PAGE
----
I am delighted to be teaming up with various experts to create a variety of travel experiences within the US and abroad.
Transformational Travel - Tucson!
Yoga + Writing
The next retreat will be a Writing and Yoga Retreat held at the Historic Hacienda Del Sol Guest Ranch and Resort in Tucson, AZ 5/30 - 6/2 2013. I will be working with Yoga Master Karen Kalil Callan.
Go to www.yogaandwriting.weebly.com for details. We are accepting registration now! Space is limited so don't delay!! Early bird pricing through March 1st~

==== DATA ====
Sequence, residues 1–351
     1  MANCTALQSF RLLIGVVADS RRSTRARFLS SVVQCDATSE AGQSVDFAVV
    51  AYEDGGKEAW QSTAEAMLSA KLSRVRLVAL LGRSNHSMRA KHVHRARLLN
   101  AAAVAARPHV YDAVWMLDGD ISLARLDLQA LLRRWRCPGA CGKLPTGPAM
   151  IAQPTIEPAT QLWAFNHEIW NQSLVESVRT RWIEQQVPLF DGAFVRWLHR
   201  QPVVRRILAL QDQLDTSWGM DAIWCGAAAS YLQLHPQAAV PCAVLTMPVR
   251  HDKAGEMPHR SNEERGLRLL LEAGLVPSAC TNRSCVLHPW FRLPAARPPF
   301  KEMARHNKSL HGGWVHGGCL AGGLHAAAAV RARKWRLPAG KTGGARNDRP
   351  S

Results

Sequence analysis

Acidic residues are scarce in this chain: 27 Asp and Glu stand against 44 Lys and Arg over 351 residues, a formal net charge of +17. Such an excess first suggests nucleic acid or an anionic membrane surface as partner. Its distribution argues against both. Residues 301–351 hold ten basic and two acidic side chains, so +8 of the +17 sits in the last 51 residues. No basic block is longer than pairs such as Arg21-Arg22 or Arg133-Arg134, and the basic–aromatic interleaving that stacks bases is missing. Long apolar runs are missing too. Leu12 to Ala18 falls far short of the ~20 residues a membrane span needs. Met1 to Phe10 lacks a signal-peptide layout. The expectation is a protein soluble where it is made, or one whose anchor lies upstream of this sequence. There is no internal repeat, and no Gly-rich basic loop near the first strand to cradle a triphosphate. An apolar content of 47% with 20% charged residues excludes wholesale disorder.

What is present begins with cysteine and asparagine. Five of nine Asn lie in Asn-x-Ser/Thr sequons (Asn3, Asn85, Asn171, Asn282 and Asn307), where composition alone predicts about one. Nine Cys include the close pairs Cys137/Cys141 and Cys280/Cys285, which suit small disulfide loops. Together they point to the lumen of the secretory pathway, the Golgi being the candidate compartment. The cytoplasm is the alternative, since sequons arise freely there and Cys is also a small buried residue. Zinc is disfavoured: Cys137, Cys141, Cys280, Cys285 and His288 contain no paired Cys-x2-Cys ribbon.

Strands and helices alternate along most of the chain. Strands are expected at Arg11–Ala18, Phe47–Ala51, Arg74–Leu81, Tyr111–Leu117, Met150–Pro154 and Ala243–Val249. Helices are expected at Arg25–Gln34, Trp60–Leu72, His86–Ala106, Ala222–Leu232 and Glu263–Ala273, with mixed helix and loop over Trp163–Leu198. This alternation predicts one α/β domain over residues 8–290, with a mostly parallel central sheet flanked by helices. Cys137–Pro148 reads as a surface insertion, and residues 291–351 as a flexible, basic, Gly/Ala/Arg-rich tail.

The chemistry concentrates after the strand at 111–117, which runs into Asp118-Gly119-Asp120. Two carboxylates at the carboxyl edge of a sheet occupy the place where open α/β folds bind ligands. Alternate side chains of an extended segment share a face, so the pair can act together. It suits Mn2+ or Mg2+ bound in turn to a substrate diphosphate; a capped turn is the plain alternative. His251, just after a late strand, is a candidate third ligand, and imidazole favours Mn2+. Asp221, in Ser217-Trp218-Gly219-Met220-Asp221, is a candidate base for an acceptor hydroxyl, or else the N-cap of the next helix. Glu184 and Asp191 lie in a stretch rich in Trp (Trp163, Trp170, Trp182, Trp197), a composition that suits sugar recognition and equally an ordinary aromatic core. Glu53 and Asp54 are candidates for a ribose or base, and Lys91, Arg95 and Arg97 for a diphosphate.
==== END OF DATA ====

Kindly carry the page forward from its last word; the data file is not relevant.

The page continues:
Transformational Travel - Italia!
The second opportunity is a seven day transformational travel experience with travel expert Lynn O'Rourke Hayes on the Italian Riviera. It is an amazing journey of the heart and soul. For info and photos go to www.italyretreat.weebly.com
We will be unrolling the 2013 Italy Adventure on March 1. Mark your calendars and check back then!
"I am not the same having seen the moon shine on the other side of the world"
~Mary Anne Radmacher
It would be my honor and pleasure to meet you at one of these.
Take a chance...do what you love with your one precious life!